So is Belichick truly the Jedi master, or does he simply play dirty and win cheap? I believe the truth usually lies somewhere in the middle: I think his success as a coach owes both to his mastery and his combination approach of both bending and outright breaking the rules. (There’s no question he has broken them, despite the “well you don’t understand Spygate!” ploy that Patriots fans have used to imply his innocence.
Belichick’s m.o. is to push the rules and dare you to bust him, something he pulled off nicely when his defense got away with mugging the Rams’ receivers in his first Super Bowl win. He calculated that the league wouldn’t want its supreme game decided by refs, and won. Thanks to grabbing and holding way beyond the 5-yard mark, the Greatest Show on Turf got stuck in the mud. It was a strategy that was both smart and underhanded, and it succeeded mightily.
The multiple-man line stunt the Patriots pulled on the goal line is a good example of this kind of thinking. The movement caused the Stiller o-line to jump, and despite Roethlisberger’s belief that it was illegal, it wasn’t. In fact it was exactly the kind of thing Belichick sprung on the Ravens last January with that eligible-receiver scheme: both ploys broke “unwritten rules” as Ben claimed, but that’s the only kind they broke. It was a smart move by Belichick, and not just because it likely cost the Stillers the touchdown there.
It wasn’t just that Belichick pulled the stunt, it was where he chose to spring it: parked on his own goal line. If the call would’ve gone the other way, what’s the worst that could happen? The Patriots would have lost a whopping half yard at most under the half-the-distance rule. That’s a prime example of situational awareness, knowing what to do and when; contrast that with the Stillers decision to run the trick play in the middle of a power drive.
Risk-reward mastery like the goal-line stunt, statistical probabilities – I doubt these are methods employed by Tomlin and his staff. Does Belichick cheat? Hey, is the new Pope Catholic? But it would only be the claim of haters to say that’s all he does.
Yes, Belichick may not play by the rules, but keep in mind that he’s playing chess after all. Think Tomlin would ever think of something like that goal-line shift, or dig up some obscure eligible receivers rule? (Though for the life of me I still can’t understand why Roethlisberger didn’t audible to a sweep when they stunted inside; the back would’ve walked into the end zone.)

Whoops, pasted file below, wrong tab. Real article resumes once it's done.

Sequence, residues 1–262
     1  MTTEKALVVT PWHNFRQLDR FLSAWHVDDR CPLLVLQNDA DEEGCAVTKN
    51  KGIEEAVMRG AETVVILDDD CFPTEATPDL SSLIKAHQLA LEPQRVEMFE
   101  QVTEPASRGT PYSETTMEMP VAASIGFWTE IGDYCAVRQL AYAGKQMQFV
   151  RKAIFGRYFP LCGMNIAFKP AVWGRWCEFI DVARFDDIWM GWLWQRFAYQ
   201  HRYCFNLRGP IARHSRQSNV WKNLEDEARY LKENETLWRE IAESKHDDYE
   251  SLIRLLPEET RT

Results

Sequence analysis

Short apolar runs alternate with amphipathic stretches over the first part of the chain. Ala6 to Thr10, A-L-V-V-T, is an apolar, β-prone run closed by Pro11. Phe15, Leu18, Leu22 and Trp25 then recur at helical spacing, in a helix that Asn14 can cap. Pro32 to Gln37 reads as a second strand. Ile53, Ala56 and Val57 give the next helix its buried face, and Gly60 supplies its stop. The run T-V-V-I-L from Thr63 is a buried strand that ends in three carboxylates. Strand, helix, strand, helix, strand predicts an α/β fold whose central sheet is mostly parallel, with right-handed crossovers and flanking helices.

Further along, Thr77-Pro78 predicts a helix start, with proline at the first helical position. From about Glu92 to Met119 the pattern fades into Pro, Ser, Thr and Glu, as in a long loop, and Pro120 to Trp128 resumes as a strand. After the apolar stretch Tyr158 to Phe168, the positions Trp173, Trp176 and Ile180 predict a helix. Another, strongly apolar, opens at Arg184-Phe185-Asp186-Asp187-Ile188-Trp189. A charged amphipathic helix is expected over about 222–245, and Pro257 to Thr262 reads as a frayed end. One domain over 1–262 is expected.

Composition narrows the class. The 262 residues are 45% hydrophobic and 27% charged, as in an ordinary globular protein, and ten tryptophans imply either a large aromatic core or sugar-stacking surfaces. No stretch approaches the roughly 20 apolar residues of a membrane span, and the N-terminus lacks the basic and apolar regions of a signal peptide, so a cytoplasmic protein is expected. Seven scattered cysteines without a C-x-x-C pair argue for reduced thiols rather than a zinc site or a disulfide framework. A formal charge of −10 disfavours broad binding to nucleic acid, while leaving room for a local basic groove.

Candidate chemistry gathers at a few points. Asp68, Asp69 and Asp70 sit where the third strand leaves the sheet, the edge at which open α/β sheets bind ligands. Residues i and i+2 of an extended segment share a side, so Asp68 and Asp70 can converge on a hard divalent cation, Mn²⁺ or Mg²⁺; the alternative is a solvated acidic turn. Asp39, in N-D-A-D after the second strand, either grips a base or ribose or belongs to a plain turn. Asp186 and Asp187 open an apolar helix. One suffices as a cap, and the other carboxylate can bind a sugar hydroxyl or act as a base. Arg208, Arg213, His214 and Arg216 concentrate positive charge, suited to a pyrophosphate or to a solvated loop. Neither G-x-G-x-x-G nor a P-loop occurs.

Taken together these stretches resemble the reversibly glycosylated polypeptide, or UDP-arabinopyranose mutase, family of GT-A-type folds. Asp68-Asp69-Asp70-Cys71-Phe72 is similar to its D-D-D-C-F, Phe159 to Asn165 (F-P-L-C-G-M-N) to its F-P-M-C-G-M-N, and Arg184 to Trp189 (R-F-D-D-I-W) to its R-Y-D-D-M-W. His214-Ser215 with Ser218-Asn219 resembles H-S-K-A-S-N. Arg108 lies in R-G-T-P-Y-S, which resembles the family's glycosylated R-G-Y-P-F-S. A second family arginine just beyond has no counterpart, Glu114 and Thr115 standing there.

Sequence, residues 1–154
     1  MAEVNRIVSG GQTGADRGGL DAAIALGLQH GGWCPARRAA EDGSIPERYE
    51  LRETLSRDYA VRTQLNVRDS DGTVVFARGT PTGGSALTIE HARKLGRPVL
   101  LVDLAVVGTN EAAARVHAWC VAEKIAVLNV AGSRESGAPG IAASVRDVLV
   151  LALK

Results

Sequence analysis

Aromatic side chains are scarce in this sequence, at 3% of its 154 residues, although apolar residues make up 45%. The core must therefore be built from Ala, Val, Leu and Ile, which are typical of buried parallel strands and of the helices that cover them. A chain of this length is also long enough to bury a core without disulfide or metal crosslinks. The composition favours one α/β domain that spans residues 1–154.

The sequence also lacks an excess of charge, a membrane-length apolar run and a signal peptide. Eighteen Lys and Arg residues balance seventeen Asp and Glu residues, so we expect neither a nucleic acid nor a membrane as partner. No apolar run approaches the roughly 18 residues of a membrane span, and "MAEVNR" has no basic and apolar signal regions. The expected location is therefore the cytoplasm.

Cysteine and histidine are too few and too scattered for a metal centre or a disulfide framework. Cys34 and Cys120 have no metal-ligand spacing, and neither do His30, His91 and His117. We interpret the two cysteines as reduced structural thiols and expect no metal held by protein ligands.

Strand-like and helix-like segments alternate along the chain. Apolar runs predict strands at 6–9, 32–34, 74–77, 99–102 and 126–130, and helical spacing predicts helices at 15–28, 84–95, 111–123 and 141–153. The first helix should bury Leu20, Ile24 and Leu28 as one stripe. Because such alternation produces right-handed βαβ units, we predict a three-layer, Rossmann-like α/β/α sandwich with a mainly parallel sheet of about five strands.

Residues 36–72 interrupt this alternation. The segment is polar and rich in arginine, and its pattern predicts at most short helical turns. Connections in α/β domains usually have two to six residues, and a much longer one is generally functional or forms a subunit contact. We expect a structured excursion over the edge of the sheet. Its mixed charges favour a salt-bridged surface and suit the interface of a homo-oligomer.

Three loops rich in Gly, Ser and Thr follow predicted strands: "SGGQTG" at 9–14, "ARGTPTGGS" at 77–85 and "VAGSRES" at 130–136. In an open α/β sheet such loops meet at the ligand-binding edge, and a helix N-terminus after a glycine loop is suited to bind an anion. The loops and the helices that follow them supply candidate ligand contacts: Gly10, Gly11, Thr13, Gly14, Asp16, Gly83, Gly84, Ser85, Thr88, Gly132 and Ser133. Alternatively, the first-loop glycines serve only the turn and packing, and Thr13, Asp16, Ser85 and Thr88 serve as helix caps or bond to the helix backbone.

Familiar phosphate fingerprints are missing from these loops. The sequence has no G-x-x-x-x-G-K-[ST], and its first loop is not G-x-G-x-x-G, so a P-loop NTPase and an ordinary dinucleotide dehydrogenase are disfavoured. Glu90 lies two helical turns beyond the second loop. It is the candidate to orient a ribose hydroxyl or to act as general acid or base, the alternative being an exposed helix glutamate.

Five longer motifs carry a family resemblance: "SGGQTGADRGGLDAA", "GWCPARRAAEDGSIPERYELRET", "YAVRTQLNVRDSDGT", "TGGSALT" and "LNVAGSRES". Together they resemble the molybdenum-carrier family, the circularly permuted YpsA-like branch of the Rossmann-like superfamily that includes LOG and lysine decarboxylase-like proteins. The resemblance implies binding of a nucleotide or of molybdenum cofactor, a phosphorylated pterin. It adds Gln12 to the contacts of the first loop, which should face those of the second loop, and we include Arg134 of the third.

Tomlin may not be a chess player but that’s fine – play checkers the Belichick way. If you know, for example, that the headsets go haywire in Foxborough every time you play there, the time to say something isn’t during the post-game presser; you mention it to the league before the game. Patriots fans still brag about the pre-game whining Belichick did to the refs about Troy Edwards’ tendency to step out of bounds on punt coverage – a sharp-eyed pull off film. Sure enough, Edwards got caught, leading to the re-punt that led to the Stillers demise. That day, the legend of Belichick was born.
The Pittsburgh Stillers are a talented bunch of athletes who win despite their coach’s poor clock management and in-game strategy decisions. They often overcome their coaching to win. The Patriots, on the other hand, are a lesser-talented team that’s put in the position to win because of their coaching. They’re elevated by the man who runs their team.
So for now, the Tom Brady victory lap continues. How complete a week has it been for the chowd’heads? Even Frick and Frack, the twin ball boys, got reinstated by the league, never having to tell us under oath if that Deflator nickname really refers to weight loss. Kraft and his buddy the judge will certainly be laughing about that one the next time they get together in the Hamptons for a cocktail soiree.
The Rooneys are rarely ones to make waves, so when I read this statement off the team’s official site, I took notice:
NO SURPRISE AT ALL
This is the kind of stuff that happens to the visiting team in Gillette Stadium all the time. From the start of the game through the opening 14 minutes of the first quarter, the Steelers’ coaches’ headsets were receiving the Patriots Radio Network broadcast of the game. The broadcast was so loud that the Steelers coaches were unable to communicate, and the NFL rule is that if one team’s headsets are not working the other team is supposed to be forced to take their headsets off. It’s what the NFL calls the Equity Rule. Strangely enough, whenever an NFL representative proceeded to the New England sideline to shut down their headsets, the Steelers headsets cleared. Then as the representative walked away from the New England sideline, the Steelers’ headsets again started to receive the Patriots game broadcast.